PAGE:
New Satellite Images Reveal Wuhan Hospitals Were Swarmed With Patients Months Before China Reported COVID-19 Outbreak


The following article, New Satellite Images Reveal Wuhan Hospitals Were Swarmed With Patients Months Before China Reported COVID-19 Outbreak, was first published on Flag And Cross.

Just when you thought the plot surrounding the coronavirus outbreak that originated in Wuhan, China couldn’t get any thicker, new satellite images drop and reveal that hospitals in the area were swamped with patients months before the country made any sort of report about the coronavirus outbreak.

According to new reports, the footage shows that there were huge spikes in vehicle traffic during the later portion of the summer and into early fall compared to the previous year. This indicates that the coronavirus might have been making its way across the city many months before the outbreak was reported to the World Health Organization.

All of this comes from a Harvard Medical School study, so the information is pretty solid.

Here’s more from The Washington Examiner:

Researchers studying 350 commercial satellite images found nearly double the number of vehicles parked outside the health centers versus the same time in 2018, according to an ABC report on the study. Dr. John Brownstein, a Harvard medical professor who led the project, said the surge in traffic “coincided with” a spike in Chinese internet searches of “certain symptoms that would later be determined as closely associated with the novel coronavirus,” such as diarrhea and respiratory symptoms.

“Something was happening in October,” said Brownstein, the director of the medical center’s Computational Epidemiology Lab. “Clearly, there was some level of social disruption taking place well before what was previously identified as the start of the novel coronavirus pandemic.”

The Harvard report shows 112 cars parked outside of the Wuhan Tongji Medical University on Oct. 10, 2018, compared to 214 cars on Sept. 12, 2019. At the Wuhan Tianyou Hospital, 171 cars were documented outside on Oct. 10, 2018, compared to 285 cars on Oct. 17, 2019. At Hubei Women and Children Hospital, 393 cars were spotted Oct. 10, 2018. A year later, on Oct. 17, 2019, there were 714 cars parked.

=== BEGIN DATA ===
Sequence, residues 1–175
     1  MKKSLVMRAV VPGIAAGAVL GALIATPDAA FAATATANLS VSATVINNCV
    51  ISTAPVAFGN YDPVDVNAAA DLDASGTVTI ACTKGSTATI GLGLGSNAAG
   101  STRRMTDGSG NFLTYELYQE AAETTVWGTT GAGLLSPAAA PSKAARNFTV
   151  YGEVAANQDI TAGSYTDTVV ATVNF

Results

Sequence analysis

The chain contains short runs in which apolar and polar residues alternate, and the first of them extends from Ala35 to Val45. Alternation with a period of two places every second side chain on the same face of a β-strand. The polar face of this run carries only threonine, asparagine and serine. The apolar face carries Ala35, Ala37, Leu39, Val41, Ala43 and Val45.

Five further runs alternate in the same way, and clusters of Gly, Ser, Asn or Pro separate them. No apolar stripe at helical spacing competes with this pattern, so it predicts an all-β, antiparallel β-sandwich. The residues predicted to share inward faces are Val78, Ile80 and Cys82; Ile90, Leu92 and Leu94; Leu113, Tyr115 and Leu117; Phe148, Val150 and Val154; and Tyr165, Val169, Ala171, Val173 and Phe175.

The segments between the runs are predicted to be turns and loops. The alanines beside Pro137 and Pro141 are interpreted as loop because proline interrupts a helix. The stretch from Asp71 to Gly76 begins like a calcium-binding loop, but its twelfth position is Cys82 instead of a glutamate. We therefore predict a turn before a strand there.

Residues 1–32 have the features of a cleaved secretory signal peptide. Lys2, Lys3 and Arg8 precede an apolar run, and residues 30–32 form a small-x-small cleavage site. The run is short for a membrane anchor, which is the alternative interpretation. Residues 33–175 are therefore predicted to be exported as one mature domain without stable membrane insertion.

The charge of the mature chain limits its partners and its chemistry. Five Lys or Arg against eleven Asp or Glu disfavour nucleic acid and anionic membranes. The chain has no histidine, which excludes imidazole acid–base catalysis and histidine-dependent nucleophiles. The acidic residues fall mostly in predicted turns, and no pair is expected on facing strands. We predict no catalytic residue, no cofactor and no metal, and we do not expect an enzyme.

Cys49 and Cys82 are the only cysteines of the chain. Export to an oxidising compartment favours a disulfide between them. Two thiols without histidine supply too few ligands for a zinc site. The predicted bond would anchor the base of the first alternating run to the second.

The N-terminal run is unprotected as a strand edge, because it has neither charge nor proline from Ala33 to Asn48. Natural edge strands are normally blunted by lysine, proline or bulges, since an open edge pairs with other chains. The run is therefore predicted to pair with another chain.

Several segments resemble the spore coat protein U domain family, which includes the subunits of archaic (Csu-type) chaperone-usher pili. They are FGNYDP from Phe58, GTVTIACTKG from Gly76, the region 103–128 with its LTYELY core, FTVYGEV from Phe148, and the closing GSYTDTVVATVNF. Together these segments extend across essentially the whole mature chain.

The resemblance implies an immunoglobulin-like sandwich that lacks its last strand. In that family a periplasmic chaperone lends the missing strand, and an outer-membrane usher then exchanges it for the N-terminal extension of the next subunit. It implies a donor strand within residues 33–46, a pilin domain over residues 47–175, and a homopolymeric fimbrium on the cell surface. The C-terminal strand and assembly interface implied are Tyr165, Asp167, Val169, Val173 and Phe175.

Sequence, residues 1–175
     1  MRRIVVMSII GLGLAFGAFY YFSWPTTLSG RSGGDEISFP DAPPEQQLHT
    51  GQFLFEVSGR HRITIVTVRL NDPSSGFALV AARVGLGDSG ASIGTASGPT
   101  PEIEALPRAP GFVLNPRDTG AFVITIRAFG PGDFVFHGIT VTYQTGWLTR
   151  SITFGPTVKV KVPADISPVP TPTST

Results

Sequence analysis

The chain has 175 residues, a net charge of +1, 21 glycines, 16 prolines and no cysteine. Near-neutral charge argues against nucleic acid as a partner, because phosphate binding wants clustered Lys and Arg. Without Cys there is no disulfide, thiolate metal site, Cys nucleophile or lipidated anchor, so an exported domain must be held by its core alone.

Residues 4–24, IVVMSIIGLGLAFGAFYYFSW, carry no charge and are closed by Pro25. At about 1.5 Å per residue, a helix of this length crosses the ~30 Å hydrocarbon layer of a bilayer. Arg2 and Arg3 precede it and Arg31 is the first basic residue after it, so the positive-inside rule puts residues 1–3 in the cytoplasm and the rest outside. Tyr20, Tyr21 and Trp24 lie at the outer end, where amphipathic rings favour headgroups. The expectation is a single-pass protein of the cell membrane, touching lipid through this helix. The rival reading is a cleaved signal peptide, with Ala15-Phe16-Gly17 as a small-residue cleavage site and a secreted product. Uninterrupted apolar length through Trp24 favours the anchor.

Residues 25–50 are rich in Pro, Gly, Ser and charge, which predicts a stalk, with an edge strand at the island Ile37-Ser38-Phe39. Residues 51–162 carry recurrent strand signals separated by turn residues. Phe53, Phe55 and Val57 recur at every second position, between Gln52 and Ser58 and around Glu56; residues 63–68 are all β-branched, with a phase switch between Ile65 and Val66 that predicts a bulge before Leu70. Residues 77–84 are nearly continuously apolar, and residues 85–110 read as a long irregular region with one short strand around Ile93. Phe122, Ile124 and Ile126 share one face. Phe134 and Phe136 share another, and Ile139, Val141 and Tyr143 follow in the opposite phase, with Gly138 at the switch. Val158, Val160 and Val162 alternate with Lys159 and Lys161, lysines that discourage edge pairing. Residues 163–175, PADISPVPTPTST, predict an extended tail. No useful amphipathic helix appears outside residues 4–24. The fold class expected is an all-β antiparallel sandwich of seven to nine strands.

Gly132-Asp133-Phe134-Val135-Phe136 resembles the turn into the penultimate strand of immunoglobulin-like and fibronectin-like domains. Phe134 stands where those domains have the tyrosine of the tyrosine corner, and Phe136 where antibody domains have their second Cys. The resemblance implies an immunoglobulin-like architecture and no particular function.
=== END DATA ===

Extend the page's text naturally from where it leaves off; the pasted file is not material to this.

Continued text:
Footage also revealed a pretty significant decline in the amount of vehicular traffic in one very interesting public place. That place? The Huanan Seafood Market.

The parking lot was filled with 219 cars on September 12, 2019, right around the time the hospitals were starting to get very busy. By February 4, 2020, right as China was dealing with the thick of the virus’ spread, there were only 10 cars in the same lot.

“What we’re trying to do is look at the activity — how busy a hospital is,” Brownstein stated. “And the way we do that is by counting the cars that are at that hospital.”

John Cohen, the former acting Homeland Security Undersecretary, spoke with ABC News and said that this new information raises questions about when the coronavirus might have first arrived here in the United States.

“This study raises serious questions about whether the coronavirus was first introduced into the United States earlier than previously reported and whether measures announced in late January restricting travel from China were too little, too late,” Cohen sad during the interview.

There have been almost two million cases of COVID-19, confirmed, in the country since January. More than 7 million people across the globe have tested positive for the illness, with a global death total of 400,000.

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